Do These 3 Things and Transform Your Virtual Workforce
The shape of organizations worldwide is changing. The virtual workforce is almost more common than not these days. In fact, according to Gallup’s State of the American Workplace report, published in 2017, “…from 2012 to 2016, the number of employees working remotely rose by four percentage points, from 39 percent to 43 percent, and employees working remotely spent more time doing so.”
There are plenty of reasons for this rapid growth–extended market opportunity; increased efficiency, productivity, innovation, and synergy; access to a broader pool of talent; better effort, performance gains, and job satisfaction; and more cost savings.
But for all the positives, certain negatives come with not sharing a physical space with your team and colleagues. “When it comes to virtual teams, if you’re out of sight, you’re also out of mind. While more and more people are working remotely, our recent study suggests that unless we take extra measures to build trust and connection with colleagues, we pay dearly for doing so,” write Joseph Grenny and David Maxfield, in an article for the Harvard Business Review.
The truth is, no one has truly figured out how to lead a dispersed team smoothly, but we’re getting closer. Leaders are discovering innovative ways to rally and connect remote teams no matter how far away they are from each other.
Here are three actions successful leaders are taking to manage the virtual workforce efficiently–no matter how far-flung.
1. Create context.
Context is the foundation from which we derive meaning from what other people say. In the past, members of a team would see each other every day, know what was going on in each other’s personal and professional lives, and be aware of each other’s thoughts on happenings large and small. In today’s virtual workforce environment–not so much. Often, team members are mostly strangers to one another and may feel disconnected from the overall team or company vision.
So leaders need to help individuals and teams in the virtual workforce see the reason why they need to care about the project and their part in it. They need to be sure to voice the overall vision and share the company, team, and individual goals. They need to be explicit about why the team is working together and how it aligns with business goals.
Leaders need to pinpoint how each team member will collaborate and what’s in it for each region, area, or individual. If the leader doesn’t know, they need to hold a conversation and ask their team members why this project is important to them. What benefit do they see to themselves and others? And, then they need to ensure needs and desires are being met.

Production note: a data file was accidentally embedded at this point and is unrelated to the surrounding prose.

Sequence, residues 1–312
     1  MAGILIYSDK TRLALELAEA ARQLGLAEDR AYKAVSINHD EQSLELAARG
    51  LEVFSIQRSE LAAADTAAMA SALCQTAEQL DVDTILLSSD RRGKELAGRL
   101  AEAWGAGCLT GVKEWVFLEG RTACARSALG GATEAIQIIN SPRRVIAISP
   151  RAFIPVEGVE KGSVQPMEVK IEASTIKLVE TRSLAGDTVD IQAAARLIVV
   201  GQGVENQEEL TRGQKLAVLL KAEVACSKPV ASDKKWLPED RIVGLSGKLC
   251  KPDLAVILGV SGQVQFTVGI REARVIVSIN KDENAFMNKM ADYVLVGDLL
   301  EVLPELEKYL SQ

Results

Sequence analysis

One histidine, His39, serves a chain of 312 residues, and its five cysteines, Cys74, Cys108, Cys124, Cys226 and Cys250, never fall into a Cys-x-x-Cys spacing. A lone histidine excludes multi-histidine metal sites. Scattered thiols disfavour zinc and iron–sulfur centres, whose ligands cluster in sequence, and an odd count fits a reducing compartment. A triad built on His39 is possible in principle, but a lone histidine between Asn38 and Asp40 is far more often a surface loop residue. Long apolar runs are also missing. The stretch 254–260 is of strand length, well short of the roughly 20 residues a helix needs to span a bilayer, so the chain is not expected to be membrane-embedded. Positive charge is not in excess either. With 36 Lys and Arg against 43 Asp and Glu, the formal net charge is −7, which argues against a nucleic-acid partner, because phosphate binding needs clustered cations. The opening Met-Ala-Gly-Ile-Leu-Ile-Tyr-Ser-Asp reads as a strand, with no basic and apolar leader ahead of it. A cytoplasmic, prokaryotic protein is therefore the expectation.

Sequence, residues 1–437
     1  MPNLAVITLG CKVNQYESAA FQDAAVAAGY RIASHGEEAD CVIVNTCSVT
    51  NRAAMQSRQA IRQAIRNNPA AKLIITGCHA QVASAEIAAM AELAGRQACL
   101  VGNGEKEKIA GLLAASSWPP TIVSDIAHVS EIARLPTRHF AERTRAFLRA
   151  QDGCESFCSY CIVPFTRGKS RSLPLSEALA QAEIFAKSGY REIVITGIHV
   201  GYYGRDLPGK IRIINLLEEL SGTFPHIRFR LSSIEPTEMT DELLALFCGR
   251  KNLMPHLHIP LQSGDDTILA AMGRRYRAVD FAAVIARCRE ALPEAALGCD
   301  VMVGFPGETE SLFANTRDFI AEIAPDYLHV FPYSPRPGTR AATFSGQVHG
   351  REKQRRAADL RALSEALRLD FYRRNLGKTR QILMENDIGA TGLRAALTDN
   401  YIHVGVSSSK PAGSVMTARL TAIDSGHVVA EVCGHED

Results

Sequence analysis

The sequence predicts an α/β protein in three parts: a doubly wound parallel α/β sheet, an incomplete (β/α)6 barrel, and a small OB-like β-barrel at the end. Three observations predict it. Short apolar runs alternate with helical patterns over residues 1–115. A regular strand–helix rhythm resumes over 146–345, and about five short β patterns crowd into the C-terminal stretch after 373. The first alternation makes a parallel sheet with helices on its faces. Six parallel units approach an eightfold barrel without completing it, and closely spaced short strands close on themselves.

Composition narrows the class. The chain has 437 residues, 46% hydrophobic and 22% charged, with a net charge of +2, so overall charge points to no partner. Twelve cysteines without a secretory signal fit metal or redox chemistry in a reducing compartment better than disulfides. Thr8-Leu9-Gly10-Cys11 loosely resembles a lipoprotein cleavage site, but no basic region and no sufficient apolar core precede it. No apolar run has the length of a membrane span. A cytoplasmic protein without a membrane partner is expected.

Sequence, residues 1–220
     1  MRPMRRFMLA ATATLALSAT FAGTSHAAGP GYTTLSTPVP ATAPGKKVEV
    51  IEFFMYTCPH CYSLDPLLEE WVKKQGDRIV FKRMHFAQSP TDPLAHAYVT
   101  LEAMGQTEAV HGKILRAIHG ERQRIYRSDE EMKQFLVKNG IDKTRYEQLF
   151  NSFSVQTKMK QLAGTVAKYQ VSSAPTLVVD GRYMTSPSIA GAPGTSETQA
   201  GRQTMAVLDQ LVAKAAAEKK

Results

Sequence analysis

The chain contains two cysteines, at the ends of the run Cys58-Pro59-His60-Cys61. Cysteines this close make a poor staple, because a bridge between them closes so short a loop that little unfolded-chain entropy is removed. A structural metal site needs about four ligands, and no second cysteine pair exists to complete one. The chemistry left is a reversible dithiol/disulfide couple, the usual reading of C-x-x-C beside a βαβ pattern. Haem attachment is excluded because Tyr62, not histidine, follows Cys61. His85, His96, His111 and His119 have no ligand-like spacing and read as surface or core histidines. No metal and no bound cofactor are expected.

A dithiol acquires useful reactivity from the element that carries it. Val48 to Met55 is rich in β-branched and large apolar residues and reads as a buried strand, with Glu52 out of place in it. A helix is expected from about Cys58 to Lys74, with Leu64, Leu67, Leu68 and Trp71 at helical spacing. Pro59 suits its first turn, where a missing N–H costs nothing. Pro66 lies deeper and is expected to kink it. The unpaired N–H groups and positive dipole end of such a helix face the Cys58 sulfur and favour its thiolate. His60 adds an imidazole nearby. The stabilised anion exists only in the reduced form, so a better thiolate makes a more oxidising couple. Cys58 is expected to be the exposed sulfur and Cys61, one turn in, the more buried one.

2. Cultivate community.
People work harder when they feel they are a part of something bigger than themselves. Thus, an effective virtual team leader works to create a team community and identity. This can be done with physical objects, like T-shirts or pictures. And it doesn’t have to be expensive or fancy. I had a colleague in San Francisco who had a dressed up banana for the team mascot. People loved it!
Or it can be done with more creative concepts, such as developing a project slogan or name. For instance, if your project is dealing with the government or is particularly sensitive, you could call it “Project House of Cards.” Or people could be given nicknames based on their roles or strengths.
It’s also essential for leaders to create expectations around communication. What’s going to be your primary mode of talking with one another–chat, Slack, phone, or email? Will you always use video for conference calls? Do you have contact hours to accommodate team members who work in different time zones? Is the team expected to meet face-to-face once a quarter?
Leaders also should provide guidelines to support the team’s well-being. For example, don’t schedule meetings in the middle of the night for those who live halfway around the world. Or don’t ping a teammate with an urgent request on the weekend. This is very important for fostering a culture of respect, as well as one that supports a balance between work and life.
3. Celebrate successes.
Unfortunately, in a lot of organizations, you only hear from others when there’s bad news or criticism. But this type of culture is a death knell to morale and productivity. An effective way to lead virtual teams is to ensure all successes are celebrated. You can even devise a systematic approach to honor them with a weekly award or special meeting.
In addition to creating an environment where successes are shared, effective leaders also make clear how to advocate for these wins. They promote their team members to others within the organization and help their teams learn how to promote themselves.
The positives of leading virtual teams far outweigh the negatives–and by taking these three actions, you and your team will experience far fewer bumps along the road. And, if you need help with your team? Contact me.
A version of this post was first published on Inc.